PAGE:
• Benn Rosales

      April 9, 2012 at 1:01 pm

      Nope, not market forces, they’re (regulation) real life reality on the ceilings on builders, and lenders that red flag transactions in residential real estate. I’ll investigate a little more and bring you a case study as I’ve had to deal directly with this issue. 🙂

      • Jeff Brown

        April 9, 2012 at 1:11 pm

        REO/ShortSale specialists have long told me about lenders ‘red flagging’ commissions they feel are too high. That’s ‘market’ forces, imho. They’re the 800 pound gorilla in those transactions, so the brokers knuckle under 99% of the time.

        There’s no gov’t agency of which I’m aware telling brokerages how much they can charge. Have I missed a new development? Thanks

        • Benn Rosales

          April 9, 2012 at 1:14 pm

          This is another article all together, Jeff. 🙂

  2. Greg Cook

    April 9, 2012 at 5:20 pm

    Benn, in markets dominated by REOs and short sales. the 3% is the ceiling not the floor. The banks dictate the commissions paid and they have absolutely no desire to pay for services rendered.
    The “wholesale approach” of awarding listings makes the concept of “value added” as archaic as a rotary phone.

    • Benn Rosales

      April 9, 2012 at 5:33 pm

      In that case, you would have to determine it by the hourly rate, and if you’re making less than minimum wage per unit on a case by case basis, and being required by a non-human, ie, a corporation to earn a wage less than the minimum based on any requirements set by that entity that would require you to work more than 40 hours in a work week, then you could potentially be seen as an employee and demand over time and benefits by that employer.

      Now if all you’re required to do is enter it into a database, and put up a sign, then yeah, 3% is a good day when and if the deal gets done – ever.

      Again, It’s your business model, and your decision, but in macro there is no shortage of properties that need to be sold making it even more competitive and more valuable.

  3. Brian Hickey

    April 9, 2012 at 5:21 pm

    Benn,

    Hope you’re right, though IMO the real estate transaction model is headed more towards direct-connection between buyers and sellers (of course, agents may play a part on one-side or the other).

    Under this model, which is perpetuated by the Internet, commissions will head south, possibly big-time.

    We’ll see.

    Thanks,

    Brian

  4. Cristine Gritz

    May 10, 2012 at 6:32 pm

    When we finally get to closing…we have made about a dollar an hour!!! LOL We spend a lot of time and money on our clients. It takes at least 30 days to close. We don’t make that much in the grand scheme of things. How many slam dunks do we get nowadays??? Not many. Buyers take their sweet time and Sellers want to price their listings too damn high. 3% just isn’t enough as far as I am concerned!

Leave a Reply

Your email address will not be published. Required fields are marked *

Business News

Former Budweiser exec says marijuana is the new craft beer

(BUSINESS NEWS) In light of a growing consumer demand and more states decriminalizing and legalizing, “Big Booze” casts sights on burgeoning marijuana market.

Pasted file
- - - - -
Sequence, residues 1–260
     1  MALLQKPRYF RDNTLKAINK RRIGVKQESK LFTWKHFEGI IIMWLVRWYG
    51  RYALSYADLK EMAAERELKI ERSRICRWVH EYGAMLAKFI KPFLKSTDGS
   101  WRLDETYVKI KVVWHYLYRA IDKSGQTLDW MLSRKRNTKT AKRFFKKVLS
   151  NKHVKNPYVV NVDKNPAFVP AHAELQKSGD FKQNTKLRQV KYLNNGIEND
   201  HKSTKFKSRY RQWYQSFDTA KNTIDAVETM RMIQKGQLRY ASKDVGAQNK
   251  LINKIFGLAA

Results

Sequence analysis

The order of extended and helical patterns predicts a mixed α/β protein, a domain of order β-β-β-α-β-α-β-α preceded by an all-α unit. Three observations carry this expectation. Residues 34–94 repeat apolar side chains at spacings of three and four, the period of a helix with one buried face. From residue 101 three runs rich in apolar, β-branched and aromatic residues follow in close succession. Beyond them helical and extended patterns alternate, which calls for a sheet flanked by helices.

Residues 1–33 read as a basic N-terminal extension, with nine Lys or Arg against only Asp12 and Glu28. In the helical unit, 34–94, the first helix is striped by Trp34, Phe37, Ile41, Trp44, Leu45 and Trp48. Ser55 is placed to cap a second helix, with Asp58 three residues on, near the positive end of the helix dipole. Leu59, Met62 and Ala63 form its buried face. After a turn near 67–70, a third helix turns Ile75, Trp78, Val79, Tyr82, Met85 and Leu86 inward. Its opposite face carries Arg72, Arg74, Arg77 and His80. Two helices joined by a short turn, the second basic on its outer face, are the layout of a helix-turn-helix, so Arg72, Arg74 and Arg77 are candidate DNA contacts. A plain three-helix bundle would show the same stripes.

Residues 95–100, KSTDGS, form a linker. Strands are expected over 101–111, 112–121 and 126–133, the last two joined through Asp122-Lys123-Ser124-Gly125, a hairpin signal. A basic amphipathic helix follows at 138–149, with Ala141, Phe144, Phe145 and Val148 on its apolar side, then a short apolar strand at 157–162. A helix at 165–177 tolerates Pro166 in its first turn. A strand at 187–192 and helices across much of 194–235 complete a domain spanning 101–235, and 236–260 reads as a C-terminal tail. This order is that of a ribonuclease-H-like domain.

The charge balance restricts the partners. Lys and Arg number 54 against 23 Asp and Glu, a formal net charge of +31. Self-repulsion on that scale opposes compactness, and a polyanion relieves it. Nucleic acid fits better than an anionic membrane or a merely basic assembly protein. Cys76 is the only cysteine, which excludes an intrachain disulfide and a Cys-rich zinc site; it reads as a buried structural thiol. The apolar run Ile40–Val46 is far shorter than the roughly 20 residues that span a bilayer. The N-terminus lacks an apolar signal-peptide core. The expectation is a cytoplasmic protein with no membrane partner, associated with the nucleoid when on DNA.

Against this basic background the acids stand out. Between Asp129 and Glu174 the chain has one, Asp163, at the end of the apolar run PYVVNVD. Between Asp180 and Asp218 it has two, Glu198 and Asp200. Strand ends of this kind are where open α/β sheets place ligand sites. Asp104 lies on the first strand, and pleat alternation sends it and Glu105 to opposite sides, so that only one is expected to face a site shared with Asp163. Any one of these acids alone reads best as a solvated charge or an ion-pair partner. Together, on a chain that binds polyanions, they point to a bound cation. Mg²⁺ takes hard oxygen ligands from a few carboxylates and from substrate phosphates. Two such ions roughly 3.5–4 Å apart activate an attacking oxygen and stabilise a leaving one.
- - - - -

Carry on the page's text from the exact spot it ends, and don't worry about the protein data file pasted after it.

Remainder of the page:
Published

on

cannabis marijuana weed smoking

Imagine all the Instagram photos. Imagine all those new hashtags (no pun intended).

A carefully placed pre-rolled joint next to a latte with a heart drawn in the foam, an iridescent glass pipe freshly filled held out at arm’s length with a mountain and a sunset at the horizon, and different strains or arrays of edibles displayed next to their branded packaging.

Weed: “It’s the new craft beer,” according to former marketing exec for Anheuser-Busch, makers of Budweiser beer, Chris Burggraeve.

Since leaving his position as Chief Marketing Officer, Burggraeve has begun investing in the marijuana industry, recently joining the advisory board of greenRush Group, the San Francisco-based startup that aims to be the “Amazon of weed” as the largest technology platform in the cannabis industry.

In addition to greenRush, Burggraeve also co-founded Toast, a company that makes luxury pre-rolled joints.

Research firm Cowen and Company released their findings last year that in legalized states such as Washington, Colorado, and Oregon, people have begun laying off the sauce as beer sales took a noticeable dip below the national average. According to a Gallup poll released last month, 64 percent of the U.S. population now wants to lift the federal ban on marijuana.

It was only a matter of time before those in the alcohol industry began to take notice. Just last month, Constellation Brands, the beer distributor who owns Corona and Svedka vodka, bought a 9.9 percent stake in Canopy Growth Corporation, an acquisition in anticipation of nationwide legalization of marijuana in the U.S.

Big companies like Amazon, however, have shied away from taking such leaps in the industry due to the current federal ban.

“This is one of the fastest-growing categories globally,” Burggraeve told Bloomberg. “When consumers want something, you ignore it at your peril,” also noting that in order for booze companies to stay relevant in some fashion, they will have to conform to cannabis, whether they want to or not.

“The same way that craft beer started and, for the longest time, was ignored and then exploded, there’s no reason why the same thing wouldn’t happen in this space,” Burggraeve added, also noting that his colleagues should follow suit lest be left in the dust. “There will be part supplementing and part complementing. The jury is out on how and where that will happen.”

Continue Reading

Business News

FCC nixed a 40+ year old rule blocking broadcast media mergers